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COVID-19: London clothier’s Canada Strong benefit brainwave seems to suit Canadians – The London Free Press

When the coronavirus lockdown hit London in March, Curt Collins was in the same position as almost every other small business owner.

Collins Former Wear was forced to lay off 45 employees and he and his wife, Rebecca, were left scratching their heads.

“We were just coming on to prom and grad season,” he said. “What do we do here?”

They decided to launch a line of clothing branded with a Canada Strong logo to support small businesses and front-line workers.

“We took it to our design and marketing team and they really knocked it out of the park,” Collins said.

The Canada Strong clothing line is sold online at and since its debut last month, response has been tremendous.

Collins said small businesses who direct customers to buy products on the Canada Strong website get 10 per cent of the sale for the referral, while another 10 per cent goes into a fund for small businesses and front-line workers.

The clothier also partnered with London Health Sciences Centre and hospitals in Hamilton and B.C., so the hospitals get 20 per cent of all Canada Strong purchases via their websites.

Canada Strong also has teamed with local businesses and groups, including Highland Country Club’s TLC Foundation, Source for Sports, Nash Jewellers, Provincial Glass and Mirror, Coulter’s Pharmacy and Home Health Care and Valu-Mart.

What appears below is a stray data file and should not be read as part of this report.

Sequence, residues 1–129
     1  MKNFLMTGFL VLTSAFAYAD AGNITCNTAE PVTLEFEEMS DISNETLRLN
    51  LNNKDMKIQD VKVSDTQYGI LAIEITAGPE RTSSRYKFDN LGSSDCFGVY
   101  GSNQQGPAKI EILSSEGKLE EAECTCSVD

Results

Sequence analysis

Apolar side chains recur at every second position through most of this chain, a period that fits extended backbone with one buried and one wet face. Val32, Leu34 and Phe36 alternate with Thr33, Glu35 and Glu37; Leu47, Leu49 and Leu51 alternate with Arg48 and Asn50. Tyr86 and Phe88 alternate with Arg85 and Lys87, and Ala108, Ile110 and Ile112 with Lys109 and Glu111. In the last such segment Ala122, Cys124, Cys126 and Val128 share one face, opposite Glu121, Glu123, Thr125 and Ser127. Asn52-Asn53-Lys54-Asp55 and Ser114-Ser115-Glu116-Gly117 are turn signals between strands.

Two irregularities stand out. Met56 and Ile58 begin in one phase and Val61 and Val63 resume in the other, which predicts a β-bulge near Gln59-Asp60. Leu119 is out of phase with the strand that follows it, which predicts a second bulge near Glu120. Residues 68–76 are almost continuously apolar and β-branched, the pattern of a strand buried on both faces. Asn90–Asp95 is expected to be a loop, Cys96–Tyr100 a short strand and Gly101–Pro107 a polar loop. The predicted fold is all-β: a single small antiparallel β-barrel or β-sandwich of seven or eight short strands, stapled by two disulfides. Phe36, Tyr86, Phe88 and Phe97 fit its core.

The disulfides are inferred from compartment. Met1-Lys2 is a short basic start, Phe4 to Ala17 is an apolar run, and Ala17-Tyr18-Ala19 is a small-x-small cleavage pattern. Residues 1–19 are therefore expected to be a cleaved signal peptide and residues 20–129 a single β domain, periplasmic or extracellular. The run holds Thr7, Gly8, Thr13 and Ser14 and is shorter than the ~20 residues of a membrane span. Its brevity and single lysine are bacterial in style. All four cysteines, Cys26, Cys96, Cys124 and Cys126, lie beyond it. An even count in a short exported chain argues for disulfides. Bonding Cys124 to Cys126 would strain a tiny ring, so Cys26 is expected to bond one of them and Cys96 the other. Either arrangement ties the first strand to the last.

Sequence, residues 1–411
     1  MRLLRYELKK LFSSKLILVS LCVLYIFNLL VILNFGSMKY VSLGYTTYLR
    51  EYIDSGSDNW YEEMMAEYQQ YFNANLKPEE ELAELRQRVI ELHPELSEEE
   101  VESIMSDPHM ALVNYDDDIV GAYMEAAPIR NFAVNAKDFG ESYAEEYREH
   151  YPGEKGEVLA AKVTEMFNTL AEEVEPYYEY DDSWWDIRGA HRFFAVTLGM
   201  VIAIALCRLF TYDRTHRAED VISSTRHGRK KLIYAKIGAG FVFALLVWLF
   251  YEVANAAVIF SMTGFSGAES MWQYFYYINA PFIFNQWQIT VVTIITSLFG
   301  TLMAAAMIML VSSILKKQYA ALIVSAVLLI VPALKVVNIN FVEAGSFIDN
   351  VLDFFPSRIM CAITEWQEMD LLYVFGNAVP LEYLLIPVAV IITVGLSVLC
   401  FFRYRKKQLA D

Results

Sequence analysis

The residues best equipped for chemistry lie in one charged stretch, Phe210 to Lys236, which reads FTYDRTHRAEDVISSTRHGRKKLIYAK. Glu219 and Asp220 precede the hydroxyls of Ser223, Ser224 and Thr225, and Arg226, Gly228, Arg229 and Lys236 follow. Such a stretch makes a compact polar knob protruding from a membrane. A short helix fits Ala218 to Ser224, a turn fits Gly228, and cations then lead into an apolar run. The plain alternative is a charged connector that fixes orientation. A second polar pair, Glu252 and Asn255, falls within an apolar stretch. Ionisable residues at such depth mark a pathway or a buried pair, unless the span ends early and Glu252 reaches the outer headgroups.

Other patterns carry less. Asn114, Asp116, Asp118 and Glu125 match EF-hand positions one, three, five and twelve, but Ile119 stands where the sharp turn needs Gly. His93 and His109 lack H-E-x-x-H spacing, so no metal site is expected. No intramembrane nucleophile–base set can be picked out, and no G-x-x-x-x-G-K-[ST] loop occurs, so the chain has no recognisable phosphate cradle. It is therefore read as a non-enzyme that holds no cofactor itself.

And Couriers Plus is offering free delivery for local orders, Collins said.

“We are just trying to get businesses involved to get some sales revenue going through the community,” he said. “The original plan was to help spread the word about small businesses. . . . We wanted to bring attention to all the small businesses that are struggling with rent and staff and everything else.”

But the effort has grown well beyond what the family-owned business expected.

“We just added a sock line two weeks ago — one of the doctors at the hospital helped design them — and we’ve sold over 3,000 pairs,” Collins said. “We have eight staff back and we’ve made over 2,500 masks.”

What started out as a local effort has gone national.

“We have businesses from British Columbia calling us, Nova Scotia, New Brunswick,” Collins said. “We just shipped a bunch of hoodies to a company in Newfoundland.

“There’s no end to who’s jumped on board and it’s just amazing to see.”

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